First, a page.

The duo are so pleased with the results of the recording that they intend to play live and dates are being booked for early 2014 and will be announced shortly.
When Gary arrived at my studio in January 2012 we didn’t exactly have a grand plan about what we were about to attempt. He’d told me that he had some pieces which might be worth working on and that he’d also look forward to creating some improved sonics to which I might add something. For my part I’d prepared some looped pieces, some experimental sound washes and I, too, had a couple of bare-bone song ideas. Fundamentally, though, we probably thought we’d have done well if we managed to get an EP of some sort out of the session.
From the first note it became clear that we were on exactly the same wavelength and the project unfolded with seamless speed. After a couple of days we knew that we had the makings of the album. Of course, I still had to spend some time discovering the vocal lines and lyrics which the backing tracks hid within themselves but that, too, came about with some speed.
We’ve ended up, I think, with something quite strange but strangely powerful. The music ranges from some kind of roots territory to the wildest of sound collages. All of it - bar a couple of pieces of found sound - is produced by our guitars and my voice. So far, so trad.
It has, then, I suppose, some of the characteristics of a warped folk music...from another world.
I was a Teenage Anglophile, particularly partial to psychedelic and progressive sounds from the UK, Syd Barrett's Pink Floyd, Family, Third Ear Band, The Nice, the Move, the Incredible String Band, Kevin Coyne, Dr. Strangely Strange. All were music to my ears then, coming of age as I did in the mid- 60's in the rather staid and moribund musical climate of Syracuse New York.
I was such a passionate fan that I subscribed airmail to Disc and Music Echo, ZigZag, and Melody Maker in order to keep abreast of a UK scene still awash in full flower power (or so I imagined)...
I sent away for the latest singles from a UK record shop, rare English vinyl that was destined never to show up on US shores.
As the music director of Yale's WYBC in the early 70's I dj'ed a show entitled The Sounds from England (and other delicacies)” where I wore the grooves out of my rare English record collection.
(The non-English other delicacies" I spun on my program incidentally were Can, Amon Duul and ironically enough, Captain Beefheart and Tim Buckley).
One of my favorite albums in this period I bought solely on the cover art alone in 1969 was Van Der Graaf Generator's"The Aerosol Grey Machine ,“ a highly atmospheric and mysterious album which I fell in love and played to death for my listeners and friends. In 1973, I took my first trip overseas performing lead electric guitar in the European premiere of Leonard Bernstein's Mass" in Vienna with the Yale Symphony Orchestra.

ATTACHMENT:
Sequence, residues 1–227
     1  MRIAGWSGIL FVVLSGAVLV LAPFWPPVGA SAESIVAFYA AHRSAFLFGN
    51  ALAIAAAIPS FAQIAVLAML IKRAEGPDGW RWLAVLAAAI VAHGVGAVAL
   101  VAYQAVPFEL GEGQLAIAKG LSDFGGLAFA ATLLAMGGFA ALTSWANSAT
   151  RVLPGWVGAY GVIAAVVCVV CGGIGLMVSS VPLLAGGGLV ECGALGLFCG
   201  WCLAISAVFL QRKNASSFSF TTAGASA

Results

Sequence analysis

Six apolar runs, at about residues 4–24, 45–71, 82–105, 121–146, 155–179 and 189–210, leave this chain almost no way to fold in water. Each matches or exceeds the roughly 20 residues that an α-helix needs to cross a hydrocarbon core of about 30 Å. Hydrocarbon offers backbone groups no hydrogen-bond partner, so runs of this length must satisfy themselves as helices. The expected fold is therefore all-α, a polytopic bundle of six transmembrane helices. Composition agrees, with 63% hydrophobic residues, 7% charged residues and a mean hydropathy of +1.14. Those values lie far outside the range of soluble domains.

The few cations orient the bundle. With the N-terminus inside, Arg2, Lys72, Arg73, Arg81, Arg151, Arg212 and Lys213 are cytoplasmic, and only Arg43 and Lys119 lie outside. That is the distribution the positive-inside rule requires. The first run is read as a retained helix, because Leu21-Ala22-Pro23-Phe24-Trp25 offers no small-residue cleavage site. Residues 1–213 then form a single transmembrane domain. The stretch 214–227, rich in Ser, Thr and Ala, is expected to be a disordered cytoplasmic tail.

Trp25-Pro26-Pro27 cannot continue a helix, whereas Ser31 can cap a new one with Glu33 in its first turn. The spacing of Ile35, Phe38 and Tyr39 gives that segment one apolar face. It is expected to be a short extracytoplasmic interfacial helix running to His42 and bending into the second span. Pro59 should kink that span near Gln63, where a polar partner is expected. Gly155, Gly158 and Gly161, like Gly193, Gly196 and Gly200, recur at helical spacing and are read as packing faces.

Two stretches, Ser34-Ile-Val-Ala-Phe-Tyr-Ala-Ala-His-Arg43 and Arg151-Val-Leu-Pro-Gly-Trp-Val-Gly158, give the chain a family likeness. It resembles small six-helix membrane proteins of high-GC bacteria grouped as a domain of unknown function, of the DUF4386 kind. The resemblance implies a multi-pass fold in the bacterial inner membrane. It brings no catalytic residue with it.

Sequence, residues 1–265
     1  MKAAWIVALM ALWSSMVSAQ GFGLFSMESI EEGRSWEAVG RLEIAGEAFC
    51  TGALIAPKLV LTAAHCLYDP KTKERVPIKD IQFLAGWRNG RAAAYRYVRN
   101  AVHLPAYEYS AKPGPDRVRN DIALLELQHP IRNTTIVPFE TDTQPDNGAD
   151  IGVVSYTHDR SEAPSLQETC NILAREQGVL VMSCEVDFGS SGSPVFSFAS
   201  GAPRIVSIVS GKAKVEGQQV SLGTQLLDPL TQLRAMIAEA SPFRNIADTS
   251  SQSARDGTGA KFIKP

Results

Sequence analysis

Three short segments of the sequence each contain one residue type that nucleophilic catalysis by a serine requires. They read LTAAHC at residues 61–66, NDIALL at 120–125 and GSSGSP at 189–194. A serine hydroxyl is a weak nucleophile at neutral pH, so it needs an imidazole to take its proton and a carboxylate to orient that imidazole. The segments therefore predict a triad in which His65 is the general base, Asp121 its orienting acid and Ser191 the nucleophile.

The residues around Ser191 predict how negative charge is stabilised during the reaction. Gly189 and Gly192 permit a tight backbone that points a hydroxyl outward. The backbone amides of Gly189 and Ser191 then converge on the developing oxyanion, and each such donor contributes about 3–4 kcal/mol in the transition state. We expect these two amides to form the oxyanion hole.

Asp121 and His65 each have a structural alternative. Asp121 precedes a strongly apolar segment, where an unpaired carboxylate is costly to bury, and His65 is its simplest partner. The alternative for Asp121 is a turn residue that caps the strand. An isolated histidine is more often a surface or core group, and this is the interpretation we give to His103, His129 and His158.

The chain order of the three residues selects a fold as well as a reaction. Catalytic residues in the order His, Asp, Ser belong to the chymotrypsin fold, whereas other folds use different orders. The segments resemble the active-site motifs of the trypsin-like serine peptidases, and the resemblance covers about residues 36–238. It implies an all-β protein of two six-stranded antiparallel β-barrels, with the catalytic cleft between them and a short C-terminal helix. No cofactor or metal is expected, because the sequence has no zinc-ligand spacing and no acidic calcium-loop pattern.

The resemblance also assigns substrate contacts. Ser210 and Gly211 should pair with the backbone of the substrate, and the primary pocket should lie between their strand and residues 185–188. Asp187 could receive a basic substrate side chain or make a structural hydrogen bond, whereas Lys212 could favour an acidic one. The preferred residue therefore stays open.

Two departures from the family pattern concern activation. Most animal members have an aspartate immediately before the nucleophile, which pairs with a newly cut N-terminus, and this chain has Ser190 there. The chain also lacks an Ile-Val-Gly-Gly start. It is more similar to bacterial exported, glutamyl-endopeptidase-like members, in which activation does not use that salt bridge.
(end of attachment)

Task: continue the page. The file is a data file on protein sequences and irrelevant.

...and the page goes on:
On the way back home I stopped in London for the very first time, partially because I had to finally experience it live for myself—and also to hopefully get some interviews with leading musicians for Zoo World" magazine, a hip music newspaper out of Florida attempting to take on Rolling Stone".
Wandering into an HMV store on Oxford Street one day after arriving, about to penetrate the wilds of darkest Soho, I met a fellow enthusiast and rabid Peter Hammill fan, so much so that he had cut out a chameleon from styrofoam and installed it in the shop window to promote Peter's new solo album Chameleon in the Shadow of Night". He was a huge fan.
He told me excitedly that Peter was performing a rare solo concert up at the Friar's in Aylesbury later that week. Ringing my pal ZigZag editor Pete Frame, whom I'd bonded with in NYC a few months before at a Genesis show, I arranged to come up to Aylesbury to stay with him for a few days in order to catch this concert.
On the night, Peter came on solo after a one-off instrumental set by Zox and the Radar Boys, featuring Phil Collins and Peter Banks and proceeded to blow everyone's mind with a hypnotic, stark, doom-laden suite of songs featuring his piano, acoustic guitar and that incredible other-worldly voice.
After his set I went backstage to interview him, and found him exceedingly nice and friendly.
Flash forward to London May 2005. I am seated at Royal Festival Hall with my friends, UK journalist Mike Barnes and former Propaganda vocalist Claudia Brucken, awaiting Van Der Graaf Generator's historic UK reunion concert.
In a season of standout reunion shows I either attended or performed at, including Cream at Royal Albert Hall, Brian Wilson's Smile" at Carnegie Hall, and the reunited Magic Band (of which I was a member) at Hammersmith Odeon, this particular concert was my absolute favorite.
Peter was as compelling as ever, his powers undiminished.
Flash forward another couple years, and through the miracle of the internet we re-connect and Peter was as keen as I was to collaborate, inviting me up to Bath, where we spent a couple days recording in his home studio/laboratory.
It was a total dream for me.
Having worked closely with many great artists and vocalists, including Don Van Vliet and Jeff Buckley. Peter is right up there as a great creative partner and collaborator. I brought several instrumental pieces to the session, as did he.
We'd never exchanged any tapes of our new music previously.
The result to my ears is just...well, listen for yourself!!
OTHER WORLD" tracks
- Spinning Coins
- Some Kind of Fracas
- Of Kith & Kin
- Built from Scratch
- Attar of Roses
- This is Showbiz
- Black Ice
- The Kid
- 2 Views
- Means to an End
- Slippery Slope